US sharply raises tariffs on Chinese EVs and semiconductor imports


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President Joe Biden is sharply raising tariffs on Chinese imports, ranging from electric vehicles to solar cells, in a pre-election effort to protect US jobs.

The White House said $18bn of Chinese goods would be hit by the rises, which were “carefully targeted at strategic sectors” and designed to buy time for US companies to catch up with Chinese rivals in green technology.

In one of the biggest moves, the US will quadruple the tariff on Chinese EVs to 100 per cent this year.

Speaking in the White House Rose Garden in front of leaders of several US labour unions, Biden said China had engaged in “cheating” by employing unfair trade practices, including for EVs, and also with cyber espionage.

“Whether it’s gas, electric or hybrid, we’re never going to allow China to unfairly control the market for these cars — period,” the president said.

Brad Setser, a trade expert at the Council on Foreign Relations, said the tariffs were “an indication that Biden is not willing to let [China’s President] Xi Jinping hijack his plans for a made-in-America green transition”. He said the “most consequential tariff” was the higher rate for EVs.

Only 2 per cent of US imports of EVs come from China, according to the CSIS, a think-tank. But the higher tariffs are designed to make it even harder for the Asian country to gain a real foothold.

Biden is also tripling the rate on imports of steel and aluminium. The rate on Chinese chips will be doubled from 2025, and the tariff on solar cells will be doubled this year to 50 per cent.

Donald Trump, the Republican presidential candidate, accused Biden of acting too slowly and not going far enough.

“Where have they been for three-and-a-half years? They should have done it a long time ago,” Trump said. “But they’ve also got to do it on other vehicles and they have to do it on a lot of other products because China’s eating our lunch right now.”

Biden later hit back, saying he was taking a “smart approach” compared to the way Trump had handled China, saying his predecessor had done little to increase US exports and boost domestic manufacturing. “He did neither, he failed.”

China’s foreign ministry said Beijing “opposes unilateral tariff increases that violate World Trade Organization rules and will take all necessary measures to safeguard its legitimate rights and interests”.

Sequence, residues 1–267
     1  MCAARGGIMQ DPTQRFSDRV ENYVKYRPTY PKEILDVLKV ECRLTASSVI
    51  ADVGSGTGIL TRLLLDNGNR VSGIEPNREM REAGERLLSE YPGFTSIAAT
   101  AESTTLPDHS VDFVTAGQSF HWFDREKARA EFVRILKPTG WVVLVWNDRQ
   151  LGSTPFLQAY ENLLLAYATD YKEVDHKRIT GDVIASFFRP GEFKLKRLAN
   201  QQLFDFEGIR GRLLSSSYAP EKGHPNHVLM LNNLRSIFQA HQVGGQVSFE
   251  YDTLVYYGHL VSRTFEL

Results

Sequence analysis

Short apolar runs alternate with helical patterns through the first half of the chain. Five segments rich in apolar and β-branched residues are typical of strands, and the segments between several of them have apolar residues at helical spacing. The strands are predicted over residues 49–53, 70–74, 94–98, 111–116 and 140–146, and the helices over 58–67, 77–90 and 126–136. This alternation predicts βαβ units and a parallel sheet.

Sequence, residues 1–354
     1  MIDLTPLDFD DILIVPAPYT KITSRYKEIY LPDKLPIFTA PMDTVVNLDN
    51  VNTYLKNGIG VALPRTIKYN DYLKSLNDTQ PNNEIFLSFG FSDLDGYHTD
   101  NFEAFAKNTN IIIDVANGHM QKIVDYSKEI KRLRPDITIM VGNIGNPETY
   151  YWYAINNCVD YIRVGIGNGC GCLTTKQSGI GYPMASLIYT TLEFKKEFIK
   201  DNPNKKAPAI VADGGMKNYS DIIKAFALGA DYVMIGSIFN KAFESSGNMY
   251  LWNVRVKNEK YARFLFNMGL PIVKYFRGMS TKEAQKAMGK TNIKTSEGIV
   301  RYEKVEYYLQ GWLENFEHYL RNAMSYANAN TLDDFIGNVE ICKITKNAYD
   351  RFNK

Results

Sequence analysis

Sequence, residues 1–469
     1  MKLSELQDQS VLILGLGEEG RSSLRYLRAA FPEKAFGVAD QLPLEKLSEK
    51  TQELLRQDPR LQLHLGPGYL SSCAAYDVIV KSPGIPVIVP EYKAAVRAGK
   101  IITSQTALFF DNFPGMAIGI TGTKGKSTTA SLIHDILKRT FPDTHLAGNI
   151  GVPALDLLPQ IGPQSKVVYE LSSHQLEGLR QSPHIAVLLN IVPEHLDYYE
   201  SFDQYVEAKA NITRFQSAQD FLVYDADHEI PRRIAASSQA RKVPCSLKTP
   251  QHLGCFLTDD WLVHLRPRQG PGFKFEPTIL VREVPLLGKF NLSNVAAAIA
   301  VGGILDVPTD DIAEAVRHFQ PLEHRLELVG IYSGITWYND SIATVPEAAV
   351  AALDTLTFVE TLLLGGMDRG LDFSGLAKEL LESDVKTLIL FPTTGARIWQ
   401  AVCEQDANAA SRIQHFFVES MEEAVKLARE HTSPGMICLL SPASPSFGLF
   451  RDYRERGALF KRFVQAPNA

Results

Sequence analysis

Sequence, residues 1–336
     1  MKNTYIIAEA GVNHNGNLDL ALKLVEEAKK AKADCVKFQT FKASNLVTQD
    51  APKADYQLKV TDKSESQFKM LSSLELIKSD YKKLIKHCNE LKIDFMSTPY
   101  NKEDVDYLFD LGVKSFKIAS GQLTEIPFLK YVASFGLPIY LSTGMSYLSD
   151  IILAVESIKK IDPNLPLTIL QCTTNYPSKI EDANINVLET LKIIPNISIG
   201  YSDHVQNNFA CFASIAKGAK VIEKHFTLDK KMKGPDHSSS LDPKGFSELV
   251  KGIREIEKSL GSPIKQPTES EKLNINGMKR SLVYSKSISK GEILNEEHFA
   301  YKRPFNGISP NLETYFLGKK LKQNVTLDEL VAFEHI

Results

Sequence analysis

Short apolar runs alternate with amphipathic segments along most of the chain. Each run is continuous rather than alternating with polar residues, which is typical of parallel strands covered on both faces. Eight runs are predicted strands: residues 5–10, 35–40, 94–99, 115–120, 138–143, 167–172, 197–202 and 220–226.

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Washington will also more than triple tariffs on Chinese lithium-ion EV batteries to 25 per cent this year. It will take a similar action for lithium-ion batteries for non-electric vehicles from 2026 — a move officials said was designed to give US companies more time to develop the technology.

Senior US officials denied the shift was connected to the presidential election. “This has nothing to do with politics,” one official said.

Biden has taken actions in recent months that are designed to shore up votes among union workers ahead of November’s election.

The US officials said many of the sectors targeted were the same clean energy areas that Biden had prioritised for development through legislation including the Chips Act and the Inflation Reduction Act.

One official said the US was not trying to “undercut” China’s development or hurt efforts that Washington and Beijing had taken to stabilise relations since Biden met Xi for a summit in November.

Greta Peisch, who until recently served as general counsel in the Office of the US Trade Representative, said raising tariffs on the vehicles was important for US industry.

“Having our companies know their investments are not going to be undermined by an influx of imports from China in one or two or however many years is really important,” said Peisch, who is now at the law firm Wiley.

The United Steelworkers union welcomed the tariffs. “Flawed Chinese trade policies have had an outsized negative impact on our members,” said David McCall, the union’s international president.

But business groups voiced concern, noting Biden did not lower or remove any tariffs introduced during the previous Trump administration.

Craig Allen, president of the US-China Business Council, said: “We are disappointed with the outcome because maintenance of the prior tariffs — with no reductions — and imposition of additional tariffs ultimately make it harder for American companies to compete in the US and abroad.”

Germany’s Chancellor Olaf Scholz pointed out that at least 50 per cent of EV exports from China came from western brands that have factories in the country.

“European manufacturers and some American ones are successful in the Chinese market and also sell a great many vehicles that are produced in Europe to China,” he said.

However, the European Commission is also investigating EV imports from China and is expected to increase tariffs in the coming months.

Additional reporting by Joe Miller in New York, Kana Inagaki in Tokyo, Wenjie Ding in Beijing, Gloria Li in Hong Kong and Arjun Neil Alim in Frankfurt



This article was originally published by a www.ft.com . Read the Original article here. .